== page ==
Protect medical staff from lawsuits
As Florida begins to fully reopen and recover from COVID-19, it is a blessing that Governor DeSantis and our legislative leaders like Senator Passidomo and Representative Rommel worked to pass COVID liability protections for medical workers.
However, we need to do more. Doctors and nurses are required to make quick decisions and treat patients often in critical situations. Hospital administrators are under the same stress as they allocate resources and accommodate patients with a variety of health needs. The last thing they need is the threat of a lawsuit forcing them to operate with the fear of being sued.
I encourage Florida lawmakers to consider more of these types of protections for medical providers, so hospitals and staff can effectively focus on the important work of saving lives. We already have a doctor shortage in the state. Smart legislation could ease that crisis quickly.
Richard Grannis, Naples
History shows danger of Big Lie
In Nazi Germany Hitler and Goebbels propagated the Big Lie that the Jews were responsible for Germany’s defeat in World War I and that they were a subhuman species that polluted the human race. The German people believed the Big Lie and the result was Kristallnacht, the Holocaust, and World War II.
In America Trump and most Republican leaders are propagating the Big Lie that the Democrats stole the 2020 presidential election and therefore are fraudulently governing the country. Many Americans believe the Big Lie and the result was the Jan. 6 assault on the U.S. Capitol, the ostracizing of Liz Cheney, and the dividing of the country.
Big Lies have consequences that can destroy people and nations.
Ed OKeefe, Bonita Springs
Tennis players thank hotel group
On behalf of myself and many other tennis players at the Naples Beach Hotel, Mary Watkins Tennis Center, I would like to thank the Athens Group for working with us to keep the tennis center open during construction of the project. We expressed our concerns, met with representatives of the Athens Group and came to an amicable solution. I and fellow tennis players look forward to playing on the new facilities after construction is complete.
Rod Schwasinger, Naples
Systemic racism a daily barrier
I did not get the impression from Dr. Thornhill’s editorial that his focus was on individual acts of racism. His focus was on systemic racism. The often unrecognizable, unacknowledged and perhaps unintentional daily barriers that confront people of color. The innate response when a name on a letter or editorial is unfamiliar or unpronounceable to us.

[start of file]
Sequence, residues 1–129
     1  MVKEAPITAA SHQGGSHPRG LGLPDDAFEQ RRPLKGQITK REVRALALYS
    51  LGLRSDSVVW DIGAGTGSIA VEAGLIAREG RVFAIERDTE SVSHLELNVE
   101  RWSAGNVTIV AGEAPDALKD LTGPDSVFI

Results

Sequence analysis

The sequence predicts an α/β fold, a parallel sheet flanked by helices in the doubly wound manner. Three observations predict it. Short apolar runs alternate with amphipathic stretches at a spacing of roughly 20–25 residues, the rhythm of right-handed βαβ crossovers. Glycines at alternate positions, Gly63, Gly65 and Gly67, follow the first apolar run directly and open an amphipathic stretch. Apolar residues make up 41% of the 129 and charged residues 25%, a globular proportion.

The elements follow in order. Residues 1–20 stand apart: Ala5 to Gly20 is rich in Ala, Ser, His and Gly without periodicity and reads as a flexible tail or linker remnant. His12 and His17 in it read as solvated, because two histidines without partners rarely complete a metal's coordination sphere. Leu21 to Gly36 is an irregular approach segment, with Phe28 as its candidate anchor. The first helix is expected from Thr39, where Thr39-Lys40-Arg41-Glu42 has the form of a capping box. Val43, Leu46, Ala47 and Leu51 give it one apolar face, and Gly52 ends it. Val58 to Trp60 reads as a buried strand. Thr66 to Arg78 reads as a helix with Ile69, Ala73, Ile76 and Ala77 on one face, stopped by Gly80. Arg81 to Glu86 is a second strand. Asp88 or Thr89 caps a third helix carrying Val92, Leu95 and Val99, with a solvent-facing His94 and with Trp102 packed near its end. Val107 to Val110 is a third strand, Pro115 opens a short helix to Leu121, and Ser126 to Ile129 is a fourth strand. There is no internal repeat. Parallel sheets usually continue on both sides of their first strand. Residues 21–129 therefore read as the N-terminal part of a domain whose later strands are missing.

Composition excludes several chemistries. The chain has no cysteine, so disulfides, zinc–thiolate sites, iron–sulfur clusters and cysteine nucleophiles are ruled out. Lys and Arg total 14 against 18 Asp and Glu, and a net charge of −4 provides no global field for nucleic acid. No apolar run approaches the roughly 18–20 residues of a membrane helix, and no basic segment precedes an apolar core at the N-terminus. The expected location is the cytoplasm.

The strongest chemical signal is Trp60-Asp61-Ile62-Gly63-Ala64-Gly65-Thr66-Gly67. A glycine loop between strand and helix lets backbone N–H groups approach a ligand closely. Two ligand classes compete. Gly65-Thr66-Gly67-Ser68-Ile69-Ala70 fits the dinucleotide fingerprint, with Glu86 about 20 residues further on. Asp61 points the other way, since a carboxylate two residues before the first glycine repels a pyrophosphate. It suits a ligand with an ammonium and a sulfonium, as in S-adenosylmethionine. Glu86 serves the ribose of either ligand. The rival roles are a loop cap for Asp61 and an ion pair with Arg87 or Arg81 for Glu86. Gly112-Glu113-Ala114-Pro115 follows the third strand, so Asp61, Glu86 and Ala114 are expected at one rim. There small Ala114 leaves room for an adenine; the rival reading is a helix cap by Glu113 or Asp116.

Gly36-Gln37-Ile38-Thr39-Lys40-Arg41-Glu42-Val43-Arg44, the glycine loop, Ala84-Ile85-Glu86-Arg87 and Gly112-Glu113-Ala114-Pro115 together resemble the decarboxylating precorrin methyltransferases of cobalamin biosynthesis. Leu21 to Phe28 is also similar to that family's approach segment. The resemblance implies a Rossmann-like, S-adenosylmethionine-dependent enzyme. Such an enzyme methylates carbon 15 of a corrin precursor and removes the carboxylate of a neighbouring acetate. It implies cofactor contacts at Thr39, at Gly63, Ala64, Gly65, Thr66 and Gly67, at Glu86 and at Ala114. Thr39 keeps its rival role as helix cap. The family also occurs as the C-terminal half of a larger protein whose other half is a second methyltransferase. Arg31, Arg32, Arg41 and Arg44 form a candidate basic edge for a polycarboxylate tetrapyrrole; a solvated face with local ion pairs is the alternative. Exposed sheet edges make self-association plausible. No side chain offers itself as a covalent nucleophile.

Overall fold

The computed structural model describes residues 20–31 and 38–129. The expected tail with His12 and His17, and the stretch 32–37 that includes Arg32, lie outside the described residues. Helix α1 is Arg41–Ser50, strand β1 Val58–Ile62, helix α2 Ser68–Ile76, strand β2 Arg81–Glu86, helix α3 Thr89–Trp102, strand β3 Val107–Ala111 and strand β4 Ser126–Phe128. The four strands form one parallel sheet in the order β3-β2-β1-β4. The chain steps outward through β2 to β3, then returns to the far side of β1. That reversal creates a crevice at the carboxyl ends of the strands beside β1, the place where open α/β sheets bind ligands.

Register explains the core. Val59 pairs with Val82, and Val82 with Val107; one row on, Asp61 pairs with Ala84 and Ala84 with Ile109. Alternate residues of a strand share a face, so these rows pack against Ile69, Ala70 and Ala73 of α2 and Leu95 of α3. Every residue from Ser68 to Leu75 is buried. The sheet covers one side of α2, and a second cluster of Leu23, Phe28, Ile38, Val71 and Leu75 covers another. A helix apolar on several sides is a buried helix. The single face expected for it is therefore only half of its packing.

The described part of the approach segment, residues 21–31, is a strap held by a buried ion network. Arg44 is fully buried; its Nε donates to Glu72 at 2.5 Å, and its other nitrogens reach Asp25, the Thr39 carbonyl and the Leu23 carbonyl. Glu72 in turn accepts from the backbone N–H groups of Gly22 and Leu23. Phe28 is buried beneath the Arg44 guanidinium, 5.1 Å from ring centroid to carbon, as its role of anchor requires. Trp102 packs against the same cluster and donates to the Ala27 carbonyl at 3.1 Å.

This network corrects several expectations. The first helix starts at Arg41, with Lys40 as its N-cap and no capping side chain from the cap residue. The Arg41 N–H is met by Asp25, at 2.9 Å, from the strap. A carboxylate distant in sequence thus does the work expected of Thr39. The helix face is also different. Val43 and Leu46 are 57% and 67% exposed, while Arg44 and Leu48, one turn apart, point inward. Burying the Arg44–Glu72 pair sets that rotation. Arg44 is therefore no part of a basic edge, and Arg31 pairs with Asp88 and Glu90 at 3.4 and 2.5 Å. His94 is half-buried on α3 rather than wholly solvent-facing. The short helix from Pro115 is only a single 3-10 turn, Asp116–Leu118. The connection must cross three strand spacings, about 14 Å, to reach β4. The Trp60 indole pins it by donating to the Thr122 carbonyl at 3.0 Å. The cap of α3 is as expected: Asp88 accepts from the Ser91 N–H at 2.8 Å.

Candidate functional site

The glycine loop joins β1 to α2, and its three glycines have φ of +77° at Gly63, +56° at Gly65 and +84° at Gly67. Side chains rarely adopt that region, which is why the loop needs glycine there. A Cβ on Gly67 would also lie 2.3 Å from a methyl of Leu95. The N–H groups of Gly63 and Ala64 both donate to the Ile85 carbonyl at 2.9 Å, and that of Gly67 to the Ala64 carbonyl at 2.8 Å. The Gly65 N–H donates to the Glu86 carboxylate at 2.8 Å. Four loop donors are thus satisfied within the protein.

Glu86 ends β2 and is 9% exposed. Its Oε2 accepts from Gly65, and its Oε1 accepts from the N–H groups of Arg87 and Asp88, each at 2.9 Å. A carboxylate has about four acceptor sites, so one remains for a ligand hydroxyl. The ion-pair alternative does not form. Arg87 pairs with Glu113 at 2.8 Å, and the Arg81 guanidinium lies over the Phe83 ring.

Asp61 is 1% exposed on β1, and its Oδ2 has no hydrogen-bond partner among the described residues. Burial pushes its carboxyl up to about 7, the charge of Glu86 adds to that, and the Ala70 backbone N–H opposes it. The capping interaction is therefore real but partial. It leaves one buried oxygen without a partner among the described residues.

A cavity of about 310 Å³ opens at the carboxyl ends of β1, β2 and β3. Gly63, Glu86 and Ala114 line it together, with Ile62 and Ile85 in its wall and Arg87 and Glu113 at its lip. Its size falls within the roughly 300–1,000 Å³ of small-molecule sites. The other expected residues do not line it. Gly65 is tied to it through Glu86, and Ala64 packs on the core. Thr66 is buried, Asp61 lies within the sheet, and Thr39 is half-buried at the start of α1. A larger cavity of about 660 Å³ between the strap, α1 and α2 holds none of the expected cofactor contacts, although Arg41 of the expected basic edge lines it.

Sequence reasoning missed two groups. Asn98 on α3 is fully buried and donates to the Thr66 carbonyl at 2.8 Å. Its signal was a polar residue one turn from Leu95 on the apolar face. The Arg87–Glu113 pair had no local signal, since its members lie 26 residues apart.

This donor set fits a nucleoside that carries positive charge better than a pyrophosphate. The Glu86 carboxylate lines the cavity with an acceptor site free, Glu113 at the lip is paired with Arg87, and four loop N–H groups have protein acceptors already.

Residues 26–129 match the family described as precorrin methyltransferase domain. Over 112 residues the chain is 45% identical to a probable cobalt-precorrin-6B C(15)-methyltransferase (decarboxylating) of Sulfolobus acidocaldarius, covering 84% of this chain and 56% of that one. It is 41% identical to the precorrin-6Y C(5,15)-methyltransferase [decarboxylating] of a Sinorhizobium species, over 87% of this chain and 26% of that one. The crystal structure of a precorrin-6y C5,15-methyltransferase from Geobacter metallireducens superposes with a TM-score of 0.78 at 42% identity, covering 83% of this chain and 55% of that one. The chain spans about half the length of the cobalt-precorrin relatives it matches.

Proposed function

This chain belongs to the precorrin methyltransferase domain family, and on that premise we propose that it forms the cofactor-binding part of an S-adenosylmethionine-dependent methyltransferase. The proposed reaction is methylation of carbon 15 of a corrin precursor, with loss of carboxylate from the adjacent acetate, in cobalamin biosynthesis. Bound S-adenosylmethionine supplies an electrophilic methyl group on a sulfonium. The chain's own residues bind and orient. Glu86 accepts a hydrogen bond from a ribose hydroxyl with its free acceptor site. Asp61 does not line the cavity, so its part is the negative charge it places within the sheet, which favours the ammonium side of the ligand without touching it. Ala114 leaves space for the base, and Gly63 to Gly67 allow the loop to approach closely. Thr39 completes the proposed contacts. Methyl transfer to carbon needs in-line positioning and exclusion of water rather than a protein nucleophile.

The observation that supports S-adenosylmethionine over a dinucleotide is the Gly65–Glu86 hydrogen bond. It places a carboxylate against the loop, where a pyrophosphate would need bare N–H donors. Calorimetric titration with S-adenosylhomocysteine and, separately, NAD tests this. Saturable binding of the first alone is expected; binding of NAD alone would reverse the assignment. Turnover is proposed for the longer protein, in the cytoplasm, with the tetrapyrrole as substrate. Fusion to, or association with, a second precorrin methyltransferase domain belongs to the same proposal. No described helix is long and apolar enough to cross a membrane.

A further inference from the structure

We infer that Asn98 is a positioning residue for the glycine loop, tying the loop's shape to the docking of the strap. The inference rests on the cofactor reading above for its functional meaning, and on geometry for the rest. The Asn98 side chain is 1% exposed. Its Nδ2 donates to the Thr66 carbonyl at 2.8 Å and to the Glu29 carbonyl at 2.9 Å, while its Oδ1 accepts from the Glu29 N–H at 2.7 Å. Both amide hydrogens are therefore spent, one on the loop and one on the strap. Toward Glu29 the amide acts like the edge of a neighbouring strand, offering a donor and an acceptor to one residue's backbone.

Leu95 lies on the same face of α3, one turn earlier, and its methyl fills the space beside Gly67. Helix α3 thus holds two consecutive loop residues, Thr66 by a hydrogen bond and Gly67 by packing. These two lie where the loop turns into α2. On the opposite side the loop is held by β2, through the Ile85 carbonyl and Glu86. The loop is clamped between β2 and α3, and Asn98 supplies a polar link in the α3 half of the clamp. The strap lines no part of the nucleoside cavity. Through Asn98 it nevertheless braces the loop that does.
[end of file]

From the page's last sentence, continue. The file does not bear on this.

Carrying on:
A judicial response to two seemingly similar cases: Corey Batey was a 19-year-old black student at Vanderbilt. He was accused of raping an unconscious female. His sentence was 15 years in prison. Brock Turner was a 19-year-old white student at Stanford. He was accused of raping an unconscious female. His sentence was six months in prison with eligibility for release after three months for good behavior. The reaction when rumors of welfare or food stamp fraud elicit more outrage than crimes of tax evasion or money laundering.
I do not wish to condemn nor stop the good work of volunteers at food pantries. But I wish to point out the systemic nature of a process where relief from hunger is dependent on the generosity of donors. Thank you donors but let’s look at a system that may have much to do with why so many of our neighbors are in need.
Patricia Howard, Naples
Repurposing algae raises question
I like the concept of repurposing the algae but it raises questions in my mind.
In order for a company to be viable it needs a market for the product and a source for the product. The market is not my concern because for a company to set up business they have theoretically done the research.
What concerns me is the product source. Without a steady supply the business could not possibly be viable. All of this leads to the thought that in order for there to be a continuous supply the source must remain intact. Cutting to the chase, does this mean that this is an easy way out for the politicians instead of going after the root cause of the problem?
Norman Cannon, Fort Myers
Quest for racial justice crucial
I thank the News-Press and Professor Tom Thornhill for launching his column, “The Racial Reality.” It takes courage to move this important but painful issue forward. I expect that some (or many) subscribers will cancel their subscriptions, but the valor to proceed boldly is commendable. I hope, as Professor Thornhill writes, that “folks can more meaningfully contribute to the still elusive quest for a racially just America.” It won’t come easy, but it’s crucial to proceed.
Peter Johnson, Fort Myers